Top Spin 2 is not Virtua Tennis. For those weaned on Sega's tennis franchise, Top Spin is a shock. You hit the ball out of bounds with regularity, there are multiple types of shots, position is crucial, and hit detection is unforgiving. It's necessary to take the Indie Built-developed Top Spin seriously, and if you can make the adjustment from the only other tennis series out there, you'll find the best representation of the sport on any platform.
Matches take time in Top Spin 2. When you're not winning any match in under a half hour, you know the simulation approach is the focus. The career mode doesn't allow for adjustments. If the tournament says each set requires four wins, so be it. There's no way around it. The developers knew this and implemented a match sim feature, but the AI almost always comes out on top. Thankfully, you can save after each round in a tournament.
It's certainly not the case that spending more time here is a flaw. The gameplay is diverse and strategic, offering the widest variety of shots in the history of tennis games. The triggers act as modifiers while the face buttons act as basic hits. The additional spin, height, or distance available means there's a winning return with every press of a button if played properly.
This is critical, and the in-depth training continues months into the career mode. In addition to a wide variety of mini-games (some ripped directly out of Virtua Tennis), each type of shot has its own training piece. Top Spin 2 ensures the player has all the knowledge they need. It's crucial too since when they advance into the top rankings, they'll require everything they've learned to win a single set.
There are little details that make Top Spin 2 a joy as well. While it's not graphically advanced, seeing stray dogs run onto the sides of the court in a run down park, joggers getting in shape, or cars driving by creates the appropriate atmosphere in the early stages. As you gain popularity, the fully rendered crowds applaud appropriately and judges watch the ball intently. It's a shame there aren't more camera options to see all of this better, as the two available views are inadequate for a full game.
Off the court, Top Spin 2 falls into some problems. A store offers rackets (amongst other customization options) of various sponsors, though they have no effect on gameplay. Online play doesn't allow for the party games (like wall defense which has one player attacking, attempting to knock down the wall behind their opponent), only non-customizable ranked matches or only slightly customizable unranked multi-player. Also note you can only use your created character in ranked matches, so you'll need to spend a lot of time to get your stats up before challenging over Xbox Live. This is far from being feature rich, and it's obviously focused on gaining its longevity through single player.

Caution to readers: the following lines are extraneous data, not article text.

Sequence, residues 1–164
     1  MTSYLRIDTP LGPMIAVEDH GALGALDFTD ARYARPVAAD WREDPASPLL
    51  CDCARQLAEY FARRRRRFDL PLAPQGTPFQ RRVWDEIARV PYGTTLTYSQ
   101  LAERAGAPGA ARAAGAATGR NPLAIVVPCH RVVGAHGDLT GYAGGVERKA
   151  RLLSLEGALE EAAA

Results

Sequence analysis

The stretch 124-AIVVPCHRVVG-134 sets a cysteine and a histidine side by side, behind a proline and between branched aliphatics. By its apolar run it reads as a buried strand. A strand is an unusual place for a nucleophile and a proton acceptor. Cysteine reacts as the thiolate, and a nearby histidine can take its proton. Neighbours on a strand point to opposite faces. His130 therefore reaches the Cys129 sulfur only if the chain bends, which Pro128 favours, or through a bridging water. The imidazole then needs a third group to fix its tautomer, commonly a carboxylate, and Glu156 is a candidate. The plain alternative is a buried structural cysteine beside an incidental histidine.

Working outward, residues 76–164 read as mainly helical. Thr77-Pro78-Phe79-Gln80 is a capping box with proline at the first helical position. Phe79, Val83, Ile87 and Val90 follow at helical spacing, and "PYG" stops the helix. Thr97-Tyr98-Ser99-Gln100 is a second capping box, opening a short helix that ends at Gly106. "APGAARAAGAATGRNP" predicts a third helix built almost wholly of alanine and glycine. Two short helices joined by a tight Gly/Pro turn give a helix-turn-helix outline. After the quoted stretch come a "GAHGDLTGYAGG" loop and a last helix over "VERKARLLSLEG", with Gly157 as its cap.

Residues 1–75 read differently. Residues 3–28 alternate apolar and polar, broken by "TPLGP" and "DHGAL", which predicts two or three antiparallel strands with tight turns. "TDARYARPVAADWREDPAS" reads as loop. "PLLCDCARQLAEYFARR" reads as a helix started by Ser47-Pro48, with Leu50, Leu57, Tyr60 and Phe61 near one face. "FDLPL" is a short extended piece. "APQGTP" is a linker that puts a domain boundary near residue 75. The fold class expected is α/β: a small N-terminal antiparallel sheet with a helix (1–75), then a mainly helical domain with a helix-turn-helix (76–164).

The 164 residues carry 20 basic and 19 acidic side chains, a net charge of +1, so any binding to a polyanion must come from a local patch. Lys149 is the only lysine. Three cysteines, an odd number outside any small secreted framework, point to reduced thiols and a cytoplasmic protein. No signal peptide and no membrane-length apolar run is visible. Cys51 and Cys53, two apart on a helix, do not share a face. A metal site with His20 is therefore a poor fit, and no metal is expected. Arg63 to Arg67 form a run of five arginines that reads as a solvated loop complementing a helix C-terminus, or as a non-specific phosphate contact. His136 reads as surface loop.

The controls are also suspect. For determining how much of an angle your next shot will take, you need to hold the analog stick in whichever direction you want to hit. The longer you hold, the tighter the angle, but could also send a shot out of bounds. With this system, it's hard to move towards the ball and prepare for a return because by moving, you're also determining where the ball will end up. The only way to ensure it stays in bounds is to hit a safe shot, which is nearly impossible to win with. Anything else is a calculated chance.
That's the only key flaw in Top Spin 2's otherwise perfect tennis engine. It's accessible, hard, and engrossing. It's easily one of the best tennis games ever made, and while it doesn't have the tight intensity of Virtua Tennis, it does a better job letting the player actually play tennis and screw up regularly. It may seem frustrating, but that's tennis. Top Spin 2 handles that aspect perfectly.
(**** out of *****)